But economic and social challenges such as inequality and social injustice will never be addressed by simply drawing a new set of geographical borders.

Any group claiming dominance over another – including the “working class” – is displaying social dominance orientation. The oppressed can be oppressive, too.

It is time to recognise those artificially constructed divisions and unite, for we have nothing left to lose but our chains.

“So comrades come rally
And the last fight let us face”.

The verses of the Internationale were written on 30 June, 1871, in the immediate aftermath of the brutal crushing of the Paris Commune during La Semaine sanglante (“The Bloody Week”). The policies and outcome of the Commune had a significant influence on the ideas of Karl Marx, of course.

The author, Eugène Pottier, was hiding in fear of his life. The lyrics were intended to convey the historical experience of an important workers’ struggle to a worldwide audience. For Pottier, liberty, equality and fraternity meant the promise of a society in which poor people, like himself, had justice.

The Internationale has long been the anthem of the labor’ movement throughout the world. Its power to move people has survived the repression of fascism, the cruel parody that was Stalinism and free market capitalism. Those who sing it need know nothing about it’s history to feel a strong sense of international unity. The Internationale is simultaneously about history, political argument and is a powerful rallying statement. Pottier established a reputation as the workers’ poet. It earned him a seat on the Communal Council representing the 2nd arrondissement.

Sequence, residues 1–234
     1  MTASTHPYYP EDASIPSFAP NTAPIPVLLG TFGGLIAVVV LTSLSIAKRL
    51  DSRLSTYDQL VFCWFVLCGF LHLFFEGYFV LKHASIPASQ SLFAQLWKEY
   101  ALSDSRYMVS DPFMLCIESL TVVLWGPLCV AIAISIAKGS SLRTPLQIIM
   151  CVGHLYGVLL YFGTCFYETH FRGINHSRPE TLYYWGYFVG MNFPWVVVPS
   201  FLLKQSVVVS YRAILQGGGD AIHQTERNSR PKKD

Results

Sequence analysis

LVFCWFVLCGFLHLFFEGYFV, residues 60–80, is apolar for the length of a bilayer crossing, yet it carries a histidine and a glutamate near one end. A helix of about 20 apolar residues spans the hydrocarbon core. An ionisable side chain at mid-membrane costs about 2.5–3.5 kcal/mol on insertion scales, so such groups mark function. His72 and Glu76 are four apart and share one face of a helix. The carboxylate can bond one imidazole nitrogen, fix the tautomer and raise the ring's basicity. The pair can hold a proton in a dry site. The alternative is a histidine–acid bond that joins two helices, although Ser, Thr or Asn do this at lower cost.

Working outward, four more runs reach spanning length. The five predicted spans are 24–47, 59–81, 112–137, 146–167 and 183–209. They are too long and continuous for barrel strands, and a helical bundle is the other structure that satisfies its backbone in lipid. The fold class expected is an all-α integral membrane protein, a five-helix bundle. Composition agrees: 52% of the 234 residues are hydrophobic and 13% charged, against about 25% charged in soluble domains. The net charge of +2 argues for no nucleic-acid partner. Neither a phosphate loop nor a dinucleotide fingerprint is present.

The sheer power of Pottier’s Internationale lies in the fact that he was able to encapsulate his personal experience of specific events and express them in universal terms. And that identification and recognition is socialism in action.

The Second International (now known as the “Socialist International”) adopted it as its official anthem. The title arises from the First International, which was an alliance of socialist parties formed by Marx and Engels that held a congress in 1864. The author of the anthem’s lyrics, Pottier, attended this congress.

 The Internationale has been translated into many languages, it is a left-wing anthem, and is celebrated by socialists, communists, anarchists, democratic socialists, and some social democrats.

The original French refrain of the song is C’est la lutte finale / Groupons-nous et demain / L’Internationale / Sera le genre humain.

That translates as:

This is the final struggle

 Let us group together and tomorrow

 The Internationale

 Will be the human race.

Right now, that makes me feel like weeping in sorrow.

Related

UKIP: Parochialism, Prejudice and Patriotic Ultranationalism.

Don’t believe everything you think: cognitive dissonance

Inverted totalitarianism. Oh dear

The ultimate aim of the “allthesame” lie is division and disempowerment of the Left